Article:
- My daughter and I have been seeing our family therapist for four years now.
- Recently, she said she wanted to quit seeing our therapist but was open to seeing someone else.
- I was hesitant at first, but letting her take control of her mental-health care is paying off.
Parenting my daughter works best on her timeline and on her terms, within reason. At 4 months old, she was restless in our bedroom so I put her in her own. She started sleeping through the night, prompting me to be very smug about sleep training, until I went and had another kid a few years later and learned my lesson.
She self-weaned with little fanfare around a year and a half, potty-trained over the course of a weekend by age 3, and has been doing quite well without training wheels for some time now. But now, at age 8, when she recently mentioned she wanted to quit her therapist, I had big reservations.
We’d been seeing awho owns a large practice for four years, since my daughter was first diagnosed with ADHD and anxiety when she was 4. We’re lucky to have her — the practice is so full its waiting list is closed, and . We alternate visits where my daughter sees the therapist alone, and at the next session, I meet with the therapist without my daughter and discuss parenting strategies.
In one of our parenting sessions a few months ago, the therapist mentioned that my daughter was refusing to talk to her. When I asked my daughter about it afterward, she shrugged and said she didn’t want to see that particular therapist anymore. She conceded she’d talk to another therapist, but this one wasn’t working for her.
Letting go of our family therapist wasn’t easy
At first, I pushed back; I talked about how loving and smart this therapist was, how much she’d looked after our family these past few years, and how she’d helped us with school and at home. We kept up for a few months.
In the next parenting session, the therapist said my daughter was still stonewalling her and suggested we find a new therapist. I said I didn’t want to give her up, but we agreed therapy wouldn’t work if my daughter wasn’t willing. She wasn’t offended — at least she didn’t let me see if she was — and said sometimes kids grow out of their healthcare providers as they get older.
She suggested several other clinics and said we could always come back if we wanted to. I went on an exhausting — and exhaustive —. I asked every friend who had ever mentioned taking their kid to therapy where they went.
Searching for a new therapist for my daughter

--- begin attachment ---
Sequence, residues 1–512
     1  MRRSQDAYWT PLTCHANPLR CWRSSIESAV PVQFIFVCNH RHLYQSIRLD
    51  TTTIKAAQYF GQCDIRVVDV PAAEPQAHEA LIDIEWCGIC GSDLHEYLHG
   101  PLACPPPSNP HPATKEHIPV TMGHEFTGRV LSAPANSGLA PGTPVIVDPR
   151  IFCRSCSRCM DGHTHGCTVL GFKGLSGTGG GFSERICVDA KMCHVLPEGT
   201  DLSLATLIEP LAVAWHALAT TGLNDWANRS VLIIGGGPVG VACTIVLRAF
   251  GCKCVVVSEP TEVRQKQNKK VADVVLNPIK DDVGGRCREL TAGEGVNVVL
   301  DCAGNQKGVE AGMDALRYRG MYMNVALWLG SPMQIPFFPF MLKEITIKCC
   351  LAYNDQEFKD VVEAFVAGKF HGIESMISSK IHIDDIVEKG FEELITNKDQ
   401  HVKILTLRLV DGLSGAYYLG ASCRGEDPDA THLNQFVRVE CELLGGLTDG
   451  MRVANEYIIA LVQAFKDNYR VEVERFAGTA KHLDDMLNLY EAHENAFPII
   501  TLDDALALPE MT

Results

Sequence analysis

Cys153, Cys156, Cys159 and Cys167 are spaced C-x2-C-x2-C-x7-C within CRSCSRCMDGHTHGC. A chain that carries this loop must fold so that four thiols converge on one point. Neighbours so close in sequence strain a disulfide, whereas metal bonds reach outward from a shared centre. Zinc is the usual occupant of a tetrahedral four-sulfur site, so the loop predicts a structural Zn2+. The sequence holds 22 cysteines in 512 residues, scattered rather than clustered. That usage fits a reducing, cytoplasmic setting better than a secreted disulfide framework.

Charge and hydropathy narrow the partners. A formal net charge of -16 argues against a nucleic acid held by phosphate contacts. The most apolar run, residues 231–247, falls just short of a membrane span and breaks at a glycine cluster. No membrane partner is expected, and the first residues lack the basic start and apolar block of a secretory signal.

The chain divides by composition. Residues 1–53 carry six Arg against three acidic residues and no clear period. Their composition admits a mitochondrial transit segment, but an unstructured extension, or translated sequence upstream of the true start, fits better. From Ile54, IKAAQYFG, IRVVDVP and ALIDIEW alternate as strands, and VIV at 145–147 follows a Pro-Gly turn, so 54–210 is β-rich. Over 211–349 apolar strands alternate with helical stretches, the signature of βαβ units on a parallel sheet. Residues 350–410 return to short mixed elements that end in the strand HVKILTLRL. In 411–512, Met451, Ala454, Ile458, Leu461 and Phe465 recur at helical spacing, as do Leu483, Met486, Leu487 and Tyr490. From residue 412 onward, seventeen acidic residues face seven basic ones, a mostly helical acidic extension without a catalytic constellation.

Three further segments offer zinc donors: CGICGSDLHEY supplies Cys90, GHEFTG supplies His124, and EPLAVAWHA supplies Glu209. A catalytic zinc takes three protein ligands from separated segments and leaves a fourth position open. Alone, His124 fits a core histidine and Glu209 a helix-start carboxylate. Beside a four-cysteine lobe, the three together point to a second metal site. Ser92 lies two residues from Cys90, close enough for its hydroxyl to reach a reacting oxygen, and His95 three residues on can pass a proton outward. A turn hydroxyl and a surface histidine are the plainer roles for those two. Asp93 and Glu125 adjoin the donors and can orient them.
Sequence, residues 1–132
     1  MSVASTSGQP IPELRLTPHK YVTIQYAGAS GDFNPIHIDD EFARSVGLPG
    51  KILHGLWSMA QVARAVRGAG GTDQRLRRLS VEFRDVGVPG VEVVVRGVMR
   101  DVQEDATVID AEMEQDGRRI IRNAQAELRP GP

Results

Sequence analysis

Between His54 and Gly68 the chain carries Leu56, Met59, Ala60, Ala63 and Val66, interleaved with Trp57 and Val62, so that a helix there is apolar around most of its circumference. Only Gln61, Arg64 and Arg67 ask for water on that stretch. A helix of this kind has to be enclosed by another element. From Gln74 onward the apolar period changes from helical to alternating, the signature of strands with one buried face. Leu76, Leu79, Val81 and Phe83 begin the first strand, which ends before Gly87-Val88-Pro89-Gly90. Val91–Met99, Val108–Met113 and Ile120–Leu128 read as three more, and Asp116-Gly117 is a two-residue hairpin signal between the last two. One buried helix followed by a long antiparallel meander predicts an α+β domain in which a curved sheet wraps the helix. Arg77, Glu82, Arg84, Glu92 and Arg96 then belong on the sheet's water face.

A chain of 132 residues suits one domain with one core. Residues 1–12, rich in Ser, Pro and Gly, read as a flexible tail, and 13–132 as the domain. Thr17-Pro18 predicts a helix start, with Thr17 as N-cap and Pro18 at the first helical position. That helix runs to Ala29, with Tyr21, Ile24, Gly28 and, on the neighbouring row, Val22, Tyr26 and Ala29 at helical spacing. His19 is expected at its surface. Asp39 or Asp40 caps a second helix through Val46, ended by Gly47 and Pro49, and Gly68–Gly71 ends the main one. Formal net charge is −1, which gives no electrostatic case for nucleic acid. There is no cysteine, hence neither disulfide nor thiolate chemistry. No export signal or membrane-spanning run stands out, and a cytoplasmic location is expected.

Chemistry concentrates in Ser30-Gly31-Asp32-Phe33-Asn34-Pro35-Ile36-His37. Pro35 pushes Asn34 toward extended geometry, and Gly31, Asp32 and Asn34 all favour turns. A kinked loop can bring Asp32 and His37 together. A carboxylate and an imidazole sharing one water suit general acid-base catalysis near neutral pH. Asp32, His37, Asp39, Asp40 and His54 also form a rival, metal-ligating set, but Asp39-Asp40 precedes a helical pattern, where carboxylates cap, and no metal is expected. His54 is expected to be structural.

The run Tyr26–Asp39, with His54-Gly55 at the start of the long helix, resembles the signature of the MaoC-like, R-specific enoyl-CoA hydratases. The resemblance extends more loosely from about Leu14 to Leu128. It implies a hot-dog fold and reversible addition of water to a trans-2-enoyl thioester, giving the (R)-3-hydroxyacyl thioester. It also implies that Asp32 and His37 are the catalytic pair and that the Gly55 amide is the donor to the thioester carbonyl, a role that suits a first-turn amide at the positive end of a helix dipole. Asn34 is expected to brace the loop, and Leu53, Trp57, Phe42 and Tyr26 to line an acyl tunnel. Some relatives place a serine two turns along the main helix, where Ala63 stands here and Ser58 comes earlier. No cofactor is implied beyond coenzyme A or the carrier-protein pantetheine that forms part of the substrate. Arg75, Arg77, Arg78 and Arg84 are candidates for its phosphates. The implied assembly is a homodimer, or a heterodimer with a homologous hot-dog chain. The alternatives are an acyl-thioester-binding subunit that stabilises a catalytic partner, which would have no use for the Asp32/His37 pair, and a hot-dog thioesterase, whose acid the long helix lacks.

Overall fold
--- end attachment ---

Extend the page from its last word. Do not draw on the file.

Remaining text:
We have good insurance for, so while there were options that theoretically accepted our coverage, many were not open for new patients. One practice rejected us because of something I wrote in the intake paperwork that led them to believe they did not have a provider that could meet our needs. One tried to match us with an intern who had not even begun a master’s program. Even with my daughter’s refusal to speak to our current provider at the time, I couldn’t see giving up her experience for someone so green.
Then our pediatrician recommended a clinic specializing in ADHD that was accepting new patients for. I texted my childhood best friend, who happens to be a psychiatrist, asking, “Is art therapy real?” and also asked our soon-to-be-ex-therapist for her blessing. Everyone thought it was a good idea to give it a try — including my art-loving daughter.
Giving art therapy a try
At the first appointment, the therapist, who had short, pink hair — something my daughter would love for her own personal style — took us to an office filled with natural light. My daughter plopped on the floor with markers and immediately began drawing our long-deceased cat. The therapist said, “This session, your mom is going to sit in and I’m going to ask you both some questions.”
My daughter was monosyllabic in her responses at first and my heart sank. Then, something changed; she began to warm up, and soon we were all laughing at my funny, talkative child as she regaled us with her stories and opinions. The therapist promised that at the next appointment, there would be fewer questions and even more drawing. She also said that my daughter could decide if she wanted me to sit in the waiting room next time.
After the appointment, I asked my daughter how she liked the new therapist and if she wanted to go back. “Yep,” she said. “Do you want me to stay in the waiting room?” I asked. She nodded, but not unkindly. She acted as if we were headed home from the park. She was happy and relaxed, which put me at ease, too. She’d had a nice time and it hadn’t been a big deal or a stressful event.
She’s still so young. I control her life in so many ways. But I’m realizing that even at her age, she does know herself — even better than I do. And when it comes to her own mental-health care, I can trust my daughter to lead her own process.